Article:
Train Employees on the Proper Tools
The first order of business must be teaching workers how to use tools properly, and that includes hardware. For collaboration tech, for example, it is important to have high-quality video and audio equipment to ensure an optimal meeting experience. It's important that employees get comfortable, noise-canceling headsets so they are able to hear their coworkers clearly and contribute their own ideas without background noise.
Quality webcams are also key to limiting distractions. There are many 4K webcams available that are superior to the 720p or 1080p cameras often built into computers. Employees need to feel comfortable using this kind of hardware to get the most out of applications like Cisco Webex and Microsoft Teams.
Employees must also be trained in supporting this collaboration tech, particularly since workers are physically distanced from IT teams. Workers need to be able to troubleshoot problems on their own, as it may take longer to enlist assistance from the help desk or to contact other resources. It is important that they are trained in supporting themselves with both the hardware and applications that they are using.
What Small Businesses Should Look for in a Training Program
The education shouldn’t end once the initial training is completed. Business applications have been introducing new features rapidly, with some implementing as many as four or five per week. With the rate of change so accelerated, small businesses must continue to facilitate some kind of training to be able to maintain optimal productivity.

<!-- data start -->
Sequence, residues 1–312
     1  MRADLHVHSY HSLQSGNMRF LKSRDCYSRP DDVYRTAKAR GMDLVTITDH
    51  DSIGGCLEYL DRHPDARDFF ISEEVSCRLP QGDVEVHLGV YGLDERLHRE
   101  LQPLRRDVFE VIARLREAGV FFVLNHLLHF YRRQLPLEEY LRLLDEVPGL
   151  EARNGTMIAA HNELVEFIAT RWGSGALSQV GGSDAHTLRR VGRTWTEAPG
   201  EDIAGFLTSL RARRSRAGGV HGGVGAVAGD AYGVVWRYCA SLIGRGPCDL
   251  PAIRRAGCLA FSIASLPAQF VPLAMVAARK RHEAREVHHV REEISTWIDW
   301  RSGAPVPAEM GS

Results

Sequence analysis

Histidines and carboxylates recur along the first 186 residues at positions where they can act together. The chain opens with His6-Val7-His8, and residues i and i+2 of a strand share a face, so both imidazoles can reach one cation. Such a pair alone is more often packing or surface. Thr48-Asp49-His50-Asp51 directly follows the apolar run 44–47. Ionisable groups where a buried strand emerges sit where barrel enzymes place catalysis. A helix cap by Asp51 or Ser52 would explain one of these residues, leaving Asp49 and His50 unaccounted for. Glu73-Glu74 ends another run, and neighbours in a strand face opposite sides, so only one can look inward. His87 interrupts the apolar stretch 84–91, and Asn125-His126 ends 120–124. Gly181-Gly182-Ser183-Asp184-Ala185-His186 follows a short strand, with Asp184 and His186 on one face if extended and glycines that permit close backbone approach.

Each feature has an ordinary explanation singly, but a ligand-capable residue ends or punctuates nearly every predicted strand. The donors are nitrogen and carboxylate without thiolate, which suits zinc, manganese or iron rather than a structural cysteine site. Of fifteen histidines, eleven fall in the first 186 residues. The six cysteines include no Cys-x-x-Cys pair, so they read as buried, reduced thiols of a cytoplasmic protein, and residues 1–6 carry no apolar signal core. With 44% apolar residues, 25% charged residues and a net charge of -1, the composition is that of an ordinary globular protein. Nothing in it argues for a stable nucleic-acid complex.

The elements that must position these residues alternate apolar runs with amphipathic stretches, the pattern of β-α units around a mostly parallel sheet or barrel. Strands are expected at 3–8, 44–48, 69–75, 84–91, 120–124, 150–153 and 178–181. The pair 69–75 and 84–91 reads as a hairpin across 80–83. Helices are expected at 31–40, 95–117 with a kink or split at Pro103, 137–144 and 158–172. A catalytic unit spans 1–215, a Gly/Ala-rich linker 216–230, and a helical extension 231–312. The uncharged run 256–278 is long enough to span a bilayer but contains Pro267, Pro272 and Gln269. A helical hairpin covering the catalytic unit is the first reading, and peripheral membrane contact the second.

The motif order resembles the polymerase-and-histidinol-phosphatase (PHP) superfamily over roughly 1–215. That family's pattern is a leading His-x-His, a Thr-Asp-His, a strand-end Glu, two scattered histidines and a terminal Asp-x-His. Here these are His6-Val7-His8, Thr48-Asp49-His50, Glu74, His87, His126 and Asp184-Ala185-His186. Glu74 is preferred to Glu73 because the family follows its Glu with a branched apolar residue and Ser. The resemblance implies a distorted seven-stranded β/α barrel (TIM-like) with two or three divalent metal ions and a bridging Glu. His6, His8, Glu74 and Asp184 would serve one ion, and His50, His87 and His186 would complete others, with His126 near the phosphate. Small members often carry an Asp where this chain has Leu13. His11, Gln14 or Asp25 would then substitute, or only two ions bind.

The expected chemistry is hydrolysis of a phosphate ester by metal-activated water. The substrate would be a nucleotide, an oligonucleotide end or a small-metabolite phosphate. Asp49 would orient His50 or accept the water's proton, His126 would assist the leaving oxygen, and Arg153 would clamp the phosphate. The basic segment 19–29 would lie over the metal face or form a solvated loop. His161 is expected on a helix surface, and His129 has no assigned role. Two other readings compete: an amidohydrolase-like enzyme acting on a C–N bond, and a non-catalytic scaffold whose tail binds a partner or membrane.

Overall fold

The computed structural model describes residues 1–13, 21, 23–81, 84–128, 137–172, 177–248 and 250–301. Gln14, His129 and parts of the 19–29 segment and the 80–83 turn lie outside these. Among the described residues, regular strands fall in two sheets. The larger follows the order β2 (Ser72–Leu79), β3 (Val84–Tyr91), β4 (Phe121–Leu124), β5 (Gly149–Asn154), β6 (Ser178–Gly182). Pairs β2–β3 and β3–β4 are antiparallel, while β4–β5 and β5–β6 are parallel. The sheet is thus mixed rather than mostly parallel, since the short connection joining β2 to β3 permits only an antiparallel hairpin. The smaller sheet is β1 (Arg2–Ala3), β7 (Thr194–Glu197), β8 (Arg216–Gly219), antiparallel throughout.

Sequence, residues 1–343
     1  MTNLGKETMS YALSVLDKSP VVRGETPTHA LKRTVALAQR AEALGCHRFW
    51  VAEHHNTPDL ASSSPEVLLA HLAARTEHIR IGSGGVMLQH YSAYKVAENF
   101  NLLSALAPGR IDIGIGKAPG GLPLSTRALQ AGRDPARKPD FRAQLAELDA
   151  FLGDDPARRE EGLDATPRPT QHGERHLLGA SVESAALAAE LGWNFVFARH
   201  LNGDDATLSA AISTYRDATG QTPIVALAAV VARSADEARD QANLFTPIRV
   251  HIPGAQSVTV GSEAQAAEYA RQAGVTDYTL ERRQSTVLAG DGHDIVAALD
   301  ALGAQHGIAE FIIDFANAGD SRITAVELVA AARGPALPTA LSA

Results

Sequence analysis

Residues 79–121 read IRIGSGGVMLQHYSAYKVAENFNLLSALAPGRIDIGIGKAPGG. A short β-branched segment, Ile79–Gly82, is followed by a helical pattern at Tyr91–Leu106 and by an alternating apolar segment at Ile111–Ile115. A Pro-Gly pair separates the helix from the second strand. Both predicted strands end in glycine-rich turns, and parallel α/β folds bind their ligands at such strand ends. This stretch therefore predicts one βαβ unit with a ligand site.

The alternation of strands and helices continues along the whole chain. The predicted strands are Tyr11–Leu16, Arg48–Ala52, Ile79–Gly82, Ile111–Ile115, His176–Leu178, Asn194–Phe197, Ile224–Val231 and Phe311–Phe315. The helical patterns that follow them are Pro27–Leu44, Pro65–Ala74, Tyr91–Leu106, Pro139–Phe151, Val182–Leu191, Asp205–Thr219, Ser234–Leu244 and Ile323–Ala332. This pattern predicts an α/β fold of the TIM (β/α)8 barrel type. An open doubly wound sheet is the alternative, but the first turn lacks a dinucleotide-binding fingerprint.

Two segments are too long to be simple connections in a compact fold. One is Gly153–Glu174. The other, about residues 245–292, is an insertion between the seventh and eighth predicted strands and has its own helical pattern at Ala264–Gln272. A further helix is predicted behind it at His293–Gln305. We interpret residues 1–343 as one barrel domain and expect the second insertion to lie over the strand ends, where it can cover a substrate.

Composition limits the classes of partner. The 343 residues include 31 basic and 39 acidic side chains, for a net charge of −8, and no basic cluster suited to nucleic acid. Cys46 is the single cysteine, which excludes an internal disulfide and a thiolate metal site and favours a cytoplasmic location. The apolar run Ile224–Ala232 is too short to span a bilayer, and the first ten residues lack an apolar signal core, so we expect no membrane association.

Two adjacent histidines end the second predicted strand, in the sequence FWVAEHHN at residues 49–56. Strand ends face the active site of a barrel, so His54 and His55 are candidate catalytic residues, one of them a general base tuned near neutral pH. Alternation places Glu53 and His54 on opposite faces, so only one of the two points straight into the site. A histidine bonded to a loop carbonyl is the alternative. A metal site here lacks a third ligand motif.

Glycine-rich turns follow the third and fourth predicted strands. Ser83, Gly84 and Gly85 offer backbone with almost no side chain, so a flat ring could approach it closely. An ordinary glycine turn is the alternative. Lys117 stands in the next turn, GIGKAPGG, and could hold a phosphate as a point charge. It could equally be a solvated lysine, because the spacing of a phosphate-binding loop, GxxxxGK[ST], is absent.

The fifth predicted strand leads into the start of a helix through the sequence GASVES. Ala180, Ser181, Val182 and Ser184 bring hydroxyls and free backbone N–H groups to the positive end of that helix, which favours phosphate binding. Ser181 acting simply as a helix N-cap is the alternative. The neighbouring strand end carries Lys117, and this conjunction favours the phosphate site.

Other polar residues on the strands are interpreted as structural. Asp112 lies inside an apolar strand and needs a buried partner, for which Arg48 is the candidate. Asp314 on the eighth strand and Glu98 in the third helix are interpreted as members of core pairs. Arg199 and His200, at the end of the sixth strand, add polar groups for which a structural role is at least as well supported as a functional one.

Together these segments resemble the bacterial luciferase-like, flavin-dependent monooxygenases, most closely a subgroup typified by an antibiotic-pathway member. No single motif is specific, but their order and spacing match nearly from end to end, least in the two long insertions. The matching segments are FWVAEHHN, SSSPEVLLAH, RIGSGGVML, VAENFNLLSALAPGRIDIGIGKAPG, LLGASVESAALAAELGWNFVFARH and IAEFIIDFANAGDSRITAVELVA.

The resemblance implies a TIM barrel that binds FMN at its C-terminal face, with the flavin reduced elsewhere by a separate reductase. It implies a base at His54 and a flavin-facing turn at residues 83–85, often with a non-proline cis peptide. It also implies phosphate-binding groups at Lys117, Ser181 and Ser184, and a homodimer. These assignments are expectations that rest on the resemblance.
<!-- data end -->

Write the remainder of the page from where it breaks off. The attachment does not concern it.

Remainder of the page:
When developing a training program, the first priority should be to identify which processes are most important to the business. Does the organization need to meet frequently? How sensitive are these meetings? How often do employees need to be able to collaborate on documents or other applications? Answering these questions will help identify which areas require the most training.
Once that is done, getting on a regular training schedule is helpful. It may not be reasonable to have a weekly companywide training at every organization, but getting on a quarterly schedule or meeting even twice a year can pay dividends. Businesses can also hold ad hoc training sessions for specific features or tools that can’t wait until the next training session.
Digital transformation has accelerated dramatically during remote work, and it’s crucial that small businesses keep up. IT teams aren’t the only employees who should be trained on these new solutions. Keeping the entire workforce up to speed can help build organizational resilience for the future of work.